posts tagged with the keyword ‘robots’


Our old (dumb) pal Pizza Bagel Bot didn’t spring from the oven fully baked… far from it! Why, I’ll have you know I spent nearly an hour carefully crafting a block of wood and a delicious meal into a whirling cheesy disaster!

PBB Bottom

I started with a nice block of wood and drilled a few holes to mount the motors. The motors are these Pololu 120:1 Mini Plastic Gearmotors. These were the only “high-tech” thing I used. Just under $12 for two motors.

PBB w/ Motors

There were zip ties involved. And hot glue was added later. Of course. Oh, I did solder some wires onto the motor terminals. I was worried that might also be “high-tech” but whatever. I wired them up so that it would just go in circles instead of forwards (or backwards) because going out of bounds means you lose the match. (Note: The zip ties are from Harbor Freight. There should be bonus points for that.)

Control Knobs

Now, for the wheels… I actually designed laser-cut wheels that fit nicely on these motor shafts, but… high-tech! Instead I dug through the basement workshop until I found these old control knobs from Radio Shack. They have a little set screw, and I figured I could screw them tight to the D-shaft. Perfect! Almost!

Control Knobs

The outer rim part was too big, and they did not fit. A little time on the grinder took care of that… I consider the grinder decidedly low-tech. (At some point I considered just putting a wheel on the grinder and using that as my robot… maybe next time!)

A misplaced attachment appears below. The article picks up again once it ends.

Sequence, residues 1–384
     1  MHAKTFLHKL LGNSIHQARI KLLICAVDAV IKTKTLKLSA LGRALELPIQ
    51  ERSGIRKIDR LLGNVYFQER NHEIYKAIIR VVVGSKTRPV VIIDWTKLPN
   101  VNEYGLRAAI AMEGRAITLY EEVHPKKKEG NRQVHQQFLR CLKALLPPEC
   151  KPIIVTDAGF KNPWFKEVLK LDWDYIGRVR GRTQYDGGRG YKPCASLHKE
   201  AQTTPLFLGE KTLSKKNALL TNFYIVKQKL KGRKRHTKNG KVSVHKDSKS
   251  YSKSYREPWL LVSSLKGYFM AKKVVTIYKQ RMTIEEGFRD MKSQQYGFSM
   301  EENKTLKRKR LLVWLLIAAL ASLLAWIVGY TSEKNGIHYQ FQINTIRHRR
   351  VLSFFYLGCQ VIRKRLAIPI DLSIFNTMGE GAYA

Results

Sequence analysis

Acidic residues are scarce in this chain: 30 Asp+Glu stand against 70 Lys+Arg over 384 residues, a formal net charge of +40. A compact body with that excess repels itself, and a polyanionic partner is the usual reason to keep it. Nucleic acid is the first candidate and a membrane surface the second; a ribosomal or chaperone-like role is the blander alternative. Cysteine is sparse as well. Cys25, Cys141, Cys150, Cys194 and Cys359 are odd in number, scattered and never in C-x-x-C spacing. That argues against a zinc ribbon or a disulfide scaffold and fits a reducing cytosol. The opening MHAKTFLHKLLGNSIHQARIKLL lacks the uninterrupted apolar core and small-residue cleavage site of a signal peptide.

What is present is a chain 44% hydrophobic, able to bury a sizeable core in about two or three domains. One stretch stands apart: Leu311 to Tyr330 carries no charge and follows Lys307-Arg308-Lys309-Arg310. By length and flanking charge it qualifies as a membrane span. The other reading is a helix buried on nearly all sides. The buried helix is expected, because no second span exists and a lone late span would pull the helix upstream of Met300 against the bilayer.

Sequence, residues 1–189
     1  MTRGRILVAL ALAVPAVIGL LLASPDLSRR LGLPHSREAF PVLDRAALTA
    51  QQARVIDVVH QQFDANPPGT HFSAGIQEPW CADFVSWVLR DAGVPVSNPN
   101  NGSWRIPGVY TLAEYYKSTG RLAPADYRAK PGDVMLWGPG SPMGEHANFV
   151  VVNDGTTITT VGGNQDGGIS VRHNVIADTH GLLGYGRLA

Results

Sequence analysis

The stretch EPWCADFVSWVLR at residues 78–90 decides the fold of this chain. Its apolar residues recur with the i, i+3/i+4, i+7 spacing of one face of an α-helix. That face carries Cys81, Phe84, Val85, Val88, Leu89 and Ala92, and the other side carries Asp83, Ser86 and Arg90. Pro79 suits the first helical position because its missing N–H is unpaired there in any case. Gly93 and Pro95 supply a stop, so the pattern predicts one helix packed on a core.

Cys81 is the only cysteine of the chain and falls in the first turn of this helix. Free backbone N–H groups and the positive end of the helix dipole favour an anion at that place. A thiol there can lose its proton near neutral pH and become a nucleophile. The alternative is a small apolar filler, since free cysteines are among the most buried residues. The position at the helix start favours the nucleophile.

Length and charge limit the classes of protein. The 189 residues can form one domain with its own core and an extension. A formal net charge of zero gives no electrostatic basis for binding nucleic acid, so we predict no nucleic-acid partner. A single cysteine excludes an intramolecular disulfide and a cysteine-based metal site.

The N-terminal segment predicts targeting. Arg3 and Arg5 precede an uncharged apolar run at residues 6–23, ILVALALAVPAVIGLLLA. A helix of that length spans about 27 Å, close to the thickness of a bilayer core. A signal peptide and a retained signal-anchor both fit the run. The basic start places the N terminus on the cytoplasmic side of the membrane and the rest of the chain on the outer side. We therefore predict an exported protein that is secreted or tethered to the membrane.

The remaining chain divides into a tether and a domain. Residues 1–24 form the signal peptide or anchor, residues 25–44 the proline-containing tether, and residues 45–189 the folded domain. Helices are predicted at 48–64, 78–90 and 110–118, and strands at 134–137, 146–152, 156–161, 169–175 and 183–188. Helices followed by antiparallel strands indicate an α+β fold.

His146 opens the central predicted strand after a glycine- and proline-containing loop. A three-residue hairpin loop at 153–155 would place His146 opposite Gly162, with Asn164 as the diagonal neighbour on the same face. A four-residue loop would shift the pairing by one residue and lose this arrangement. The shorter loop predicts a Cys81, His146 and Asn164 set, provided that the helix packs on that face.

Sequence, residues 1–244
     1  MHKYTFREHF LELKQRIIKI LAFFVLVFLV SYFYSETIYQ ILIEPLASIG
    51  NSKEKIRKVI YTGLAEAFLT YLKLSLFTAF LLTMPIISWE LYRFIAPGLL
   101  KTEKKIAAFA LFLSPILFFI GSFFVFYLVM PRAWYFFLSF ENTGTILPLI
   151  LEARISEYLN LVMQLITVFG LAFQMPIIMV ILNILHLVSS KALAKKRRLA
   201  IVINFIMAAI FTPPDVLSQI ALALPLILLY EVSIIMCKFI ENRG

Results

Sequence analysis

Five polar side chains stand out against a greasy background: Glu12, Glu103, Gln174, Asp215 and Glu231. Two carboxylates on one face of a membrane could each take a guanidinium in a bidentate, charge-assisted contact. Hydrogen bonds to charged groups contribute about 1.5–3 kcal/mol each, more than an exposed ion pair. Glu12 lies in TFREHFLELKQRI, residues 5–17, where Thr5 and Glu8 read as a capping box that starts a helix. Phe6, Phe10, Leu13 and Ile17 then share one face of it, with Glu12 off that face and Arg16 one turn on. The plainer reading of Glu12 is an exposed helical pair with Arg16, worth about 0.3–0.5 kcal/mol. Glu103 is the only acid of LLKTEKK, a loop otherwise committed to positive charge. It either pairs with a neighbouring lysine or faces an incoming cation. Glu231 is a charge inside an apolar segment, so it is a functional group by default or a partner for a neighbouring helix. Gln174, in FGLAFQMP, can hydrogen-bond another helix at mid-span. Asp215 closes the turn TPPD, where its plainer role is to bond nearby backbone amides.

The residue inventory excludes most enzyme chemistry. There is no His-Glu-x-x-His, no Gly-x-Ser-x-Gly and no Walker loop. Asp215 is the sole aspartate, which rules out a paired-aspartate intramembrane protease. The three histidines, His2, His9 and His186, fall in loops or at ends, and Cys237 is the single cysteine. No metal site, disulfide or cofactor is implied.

Control Knob

Boom! 5 minutes later, the smell of melty plastic, and I had two “wheels” which would be all wobbly because they didn’t center correctly on the D-shaft. No matter.

PBB  Assembly

Wheels are on, and the wires are twisted together, but not soldered, in case I want to reverse the wiring or something. It’s starting to look good. If you squint real hard you might mistake this for an actual not-dumb robot!

I seem to be missing some photos, but at some point I decided the square shape was no good, so I used a coping saw (hand-powered!) to cut the corners. (Literally!) I then needed something to hold the pizza bagel in place…

PBB Bottom

Nails are good for holding things in place. They also split wood. I split the wood. No matter, because… hot glue.

Pizza Bagel Bot

I also added this “high-tech” battery holder, which was a whopping 79 cents… Oh, the alligator clips were taken from some jumper wires I melted at some point. It’s not the volts, it’s the amps, kids! The batteries are AA and I’ve had them for years.

PBB Bottom

Oh yeah, the screws! Typically a robot will have a caster wheel or two, but at $1.99 each, and needing two of them… over-budget! (I could have 3D printed one but… high-tech!) The screws are not drilled into the wood the same amount because, me. This helps it wobble more unevenly. On purpose. Obviously.

Pizza Bagel Bot

Wow, look at that beautiful robotic platform. In about an hour. And I probably got distracted for part of that hour. The only thing missing is a delicious pizza bagel.

Pizza Bagel Bot

Mission Accomplished!

Don’t forget to check out the video, which at least one critic described as “mesmerizing”. Also, if you’ve got any good pizza bagel recipes, post them in the comments!


Pizza Bagel Bot

Our friends down at Pumping Station: One in Chicago have taken a cue from Hebocon and are holding a Dumb Robot Competition for Dummies tonight.

I am a dummy! (Or at least I can pretend to be one…)

Even though I’ve built functional robots, I tried really hard to build a dumb robot that is terrible. The result is “Pizza Bagel Bot” which you see here. (I used no digital fabrication in the building of PBB.)